2,000 metal workers to go on strike in Turkey 

Unions have questioned the policy of linking wage hikes to inflation, claiming that official inflation rates are unreliable. They also warned against government attempts to impose a “strike ban”

January 13, 2023 by Peoples Dispatch
Metal workers strike Turkey
(Photo: Birlesik Metal-is/Twitter)

In Turkey, approximately 2,000 workers affiliated to the United Metal Workers Union (Birlesik Metal-is) have decided to go on a strike on January 23 after talks to increase wages and fix wage rate hikes with the Metal Employers’ Union of Turkiye (MESS) failed, Bianet English reported on Thursday, January 12. 

The strike will be observed in 11 factories located in Istanbul, Manisa, Kocaeli, and Bandirma. Union members have already posted strike notices in front of these factories. 

“A decent wage and working conditions are the most basic rights of all workers and metal workers. Workers are in severe poverty and it is not possible for them to live on these minimum wages and meet their needs,” said a statement issued by Birlesik Metal-is. 

The union questioned the practice of fixing the minimum wage according to the official inflation rate, which it claimed was not reliable. Turkey has seen an unprecedented rise in prices of basic commodities over the last year. High inflation has made life of workers extremely difficult as their wages have not increased at par with the rise in prices.  

The official inflation rate in Turkey crossed 84% last year. However, unofficial sources claim that the actual inflation rate was above 170%. 

Even in December, when the government celebrated a drop in the official inflation rate to 64%, independent institutions claimed that the actual inflation was still close to 135%.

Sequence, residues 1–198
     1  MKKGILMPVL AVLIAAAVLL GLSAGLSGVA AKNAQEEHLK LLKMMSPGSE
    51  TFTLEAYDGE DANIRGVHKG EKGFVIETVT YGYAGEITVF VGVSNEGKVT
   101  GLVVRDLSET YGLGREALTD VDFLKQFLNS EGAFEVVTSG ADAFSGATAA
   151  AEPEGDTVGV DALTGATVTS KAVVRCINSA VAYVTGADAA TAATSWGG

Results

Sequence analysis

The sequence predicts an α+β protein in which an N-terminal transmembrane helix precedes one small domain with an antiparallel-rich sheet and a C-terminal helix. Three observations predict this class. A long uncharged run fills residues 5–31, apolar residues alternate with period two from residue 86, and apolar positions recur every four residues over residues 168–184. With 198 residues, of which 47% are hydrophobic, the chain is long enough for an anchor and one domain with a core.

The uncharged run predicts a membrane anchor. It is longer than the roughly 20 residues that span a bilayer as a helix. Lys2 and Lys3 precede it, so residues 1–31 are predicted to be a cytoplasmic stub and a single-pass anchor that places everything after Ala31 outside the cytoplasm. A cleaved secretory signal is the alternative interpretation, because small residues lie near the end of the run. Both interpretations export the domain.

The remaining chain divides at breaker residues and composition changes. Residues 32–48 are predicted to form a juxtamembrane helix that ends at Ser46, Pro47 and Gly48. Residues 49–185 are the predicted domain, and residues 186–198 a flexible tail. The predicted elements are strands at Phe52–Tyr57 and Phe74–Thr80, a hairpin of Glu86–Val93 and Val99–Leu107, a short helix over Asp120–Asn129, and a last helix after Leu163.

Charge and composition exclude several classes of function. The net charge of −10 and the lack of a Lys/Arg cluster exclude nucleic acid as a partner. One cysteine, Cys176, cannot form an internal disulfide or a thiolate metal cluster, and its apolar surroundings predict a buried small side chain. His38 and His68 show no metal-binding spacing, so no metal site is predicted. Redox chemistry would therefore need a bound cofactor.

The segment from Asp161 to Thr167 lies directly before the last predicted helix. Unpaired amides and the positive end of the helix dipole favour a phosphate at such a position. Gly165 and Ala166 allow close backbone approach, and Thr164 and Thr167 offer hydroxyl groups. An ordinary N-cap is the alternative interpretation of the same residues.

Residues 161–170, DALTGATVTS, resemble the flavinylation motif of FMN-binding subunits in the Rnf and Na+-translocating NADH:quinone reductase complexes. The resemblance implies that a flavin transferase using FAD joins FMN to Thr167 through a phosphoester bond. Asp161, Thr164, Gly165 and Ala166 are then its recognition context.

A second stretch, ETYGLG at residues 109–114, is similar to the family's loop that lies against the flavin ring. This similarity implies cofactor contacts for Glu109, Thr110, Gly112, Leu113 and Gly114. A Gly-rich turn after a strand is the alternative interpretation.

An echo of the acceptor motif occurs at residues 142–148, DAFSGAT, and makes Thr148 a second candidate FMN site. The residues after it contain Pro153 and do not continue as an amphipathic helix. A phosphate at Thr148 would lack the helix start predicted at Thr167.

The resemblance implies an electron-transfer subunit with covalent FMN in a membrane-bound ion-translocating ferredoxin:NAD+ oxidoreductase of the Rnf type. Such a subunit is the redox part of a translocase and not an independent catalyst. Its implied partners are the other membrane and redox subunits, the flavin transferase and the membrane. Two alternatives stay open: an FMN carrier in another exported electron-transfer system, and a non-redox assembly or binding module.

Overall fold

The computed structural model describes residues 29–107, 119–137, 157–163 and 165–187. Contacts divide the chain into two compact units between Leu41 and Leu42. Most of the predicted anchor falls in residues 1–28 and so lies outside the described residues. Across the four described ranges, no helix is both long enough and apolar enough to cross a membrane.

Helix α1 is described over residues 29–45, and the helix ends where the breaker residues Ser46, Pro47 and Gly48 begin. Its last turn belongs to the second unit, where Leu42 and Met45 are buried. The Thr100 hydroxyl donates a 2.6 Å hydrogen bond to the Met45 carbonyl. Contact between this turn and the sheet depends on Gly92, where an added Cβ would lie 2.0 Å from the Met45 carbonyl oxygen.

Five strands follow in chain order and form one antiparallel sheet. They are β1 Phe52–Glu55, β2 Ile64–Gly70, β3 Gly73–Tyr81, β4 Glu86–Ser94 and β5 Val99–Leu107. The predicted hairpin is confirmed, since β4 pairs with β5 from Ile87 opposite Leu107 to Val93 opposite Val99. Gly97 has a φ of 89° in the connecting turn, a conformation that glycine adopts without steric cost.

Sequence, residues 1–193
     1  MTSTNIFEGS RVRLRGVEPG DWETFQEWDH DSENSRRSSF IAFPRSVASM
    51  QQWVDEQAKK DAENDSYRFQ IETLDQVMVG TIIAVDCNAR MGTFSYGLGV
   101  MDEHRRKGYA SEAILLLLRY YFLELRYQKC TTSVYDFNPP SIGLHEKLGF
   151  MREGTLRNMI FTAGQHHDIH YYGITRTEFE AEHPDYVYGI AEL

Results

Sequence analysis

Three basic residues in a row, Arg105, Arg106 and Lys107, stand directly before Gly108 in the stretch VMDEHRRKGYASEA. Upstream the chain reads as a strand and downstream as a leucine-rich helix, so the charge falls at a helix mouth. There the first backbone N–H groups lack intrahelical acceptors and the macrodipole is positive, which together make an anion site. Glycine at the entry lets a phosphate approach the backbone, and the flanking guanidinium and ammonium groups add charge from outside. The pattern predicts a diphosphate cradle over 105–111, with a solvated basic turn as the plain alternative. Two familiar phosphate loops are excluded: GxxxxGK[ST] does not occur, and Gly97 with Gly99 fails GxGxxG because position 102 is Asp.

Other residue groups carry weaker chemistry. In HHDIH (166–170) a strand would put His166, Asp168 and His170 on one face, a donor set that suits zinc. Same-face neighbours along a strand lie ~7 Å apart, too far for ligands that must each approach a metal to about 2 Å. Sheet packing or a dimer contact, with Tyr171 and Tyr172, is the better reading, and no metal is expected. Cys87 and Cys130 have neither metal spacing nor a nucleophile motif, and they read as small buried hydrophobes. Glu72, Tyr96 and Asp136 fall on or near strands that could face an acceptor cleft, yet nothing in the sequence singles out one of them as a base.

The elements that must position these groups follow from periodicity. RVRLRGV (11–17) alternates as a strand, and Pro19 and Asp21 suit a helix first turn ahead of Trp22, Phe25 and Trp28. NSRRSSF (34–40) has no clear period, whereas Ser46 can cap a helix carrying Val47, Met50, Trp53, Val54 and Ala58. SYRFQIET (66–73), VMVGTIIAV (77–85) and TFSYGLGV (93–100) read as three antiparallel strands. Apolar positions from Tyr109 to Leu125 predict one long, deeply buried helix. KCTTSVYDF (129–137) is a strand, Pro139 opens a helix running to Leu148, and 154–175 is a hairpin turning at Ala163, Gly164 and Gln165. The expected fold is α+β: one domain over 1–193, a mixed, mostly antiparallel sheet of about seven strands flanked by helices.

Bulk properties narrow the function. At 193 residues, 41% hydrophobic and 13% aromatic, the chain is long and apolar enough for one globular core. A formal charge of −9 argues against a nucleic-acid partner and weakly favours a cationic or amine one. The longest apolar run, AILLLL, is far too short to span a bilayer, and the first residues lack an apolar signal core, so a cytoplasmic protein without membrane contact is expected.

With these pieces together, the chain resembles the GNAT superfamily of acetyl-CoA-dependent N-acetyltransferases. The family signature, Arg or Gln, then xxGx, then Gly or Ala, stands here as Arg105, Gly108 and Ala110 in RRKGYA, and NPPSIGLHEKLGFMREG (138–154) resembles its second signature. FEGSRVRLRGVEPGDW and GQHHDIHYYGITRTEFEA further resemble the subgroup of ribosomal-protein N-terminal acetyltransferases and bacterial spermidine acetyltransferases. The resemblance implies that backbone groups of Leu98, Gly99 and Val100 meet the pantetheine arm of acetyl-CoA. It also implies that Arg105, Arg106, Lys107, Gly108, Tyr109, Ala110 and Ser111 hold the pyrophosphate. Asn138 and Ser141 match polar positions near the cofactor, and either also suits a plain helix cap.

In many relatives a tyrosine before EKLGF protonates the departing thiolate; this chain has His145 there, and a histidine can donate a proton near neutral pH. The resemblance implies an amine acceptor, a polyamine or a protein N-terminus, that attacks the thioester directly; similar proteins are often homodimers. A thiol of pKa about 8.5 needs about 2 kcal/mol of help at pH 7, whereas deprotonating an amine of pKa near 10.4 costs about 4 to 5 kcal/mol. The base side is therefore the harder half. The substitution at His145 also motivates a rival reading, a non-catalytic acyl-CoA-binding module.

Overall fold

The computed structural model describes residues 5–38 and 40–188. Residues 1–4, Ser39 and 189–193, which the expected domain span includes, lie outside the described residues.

Based on the official inflation rate, President Recep Tayyip Erdoğan recently announced a hike in minimum wages by nearly 55%, which unions slammed as inadequate.  

Unions claim that even after the revision, the majority of the country’s workers are getting wages only slightly above the poverty line, and that this was not sustainable as prices are increasing every day. 

No to ‘strike ban’ 

The statement also warned employers against using a “strike ban,” a legal provision in Turkey which allows government and employers to declare a strike illegal and ban it. Article 63 of Law No. 6356 on Unions and Collective Bargaining Agreements allows the president to declare a strike as “disruptive and a threat to national security” and ban it. 

The Birlesik Metal-is statement asserts that such a strike ban would yield no benefit. “We will use our constitutional right” and fight against such a move, the union said.

Last month, Erdoğan had imposed a similar ban on the metal workers’ strike at the Bekaert company in the province of Kocaeli, asking them to postpone the strike by 60 days. The unions, however, decided to continue the strike, and finally won an over 80% wage hike. Various courts in the country and almost all opposition forces have been critical of the policy of “strike bans” adopted by the Erdoğan administration. 

Birlesik Metal-is is affiliated to DiSK, a confederation of progressive trade unions in Turkey. DiSK has been demanding a thorough revision of tax laws in the country as a way to address the problems of high prices and low wages by instituting higher taxes for those who earn more. It has also demanded more frequent revisions in the minimum wage rates in the country, from the current two times a year to at least four times.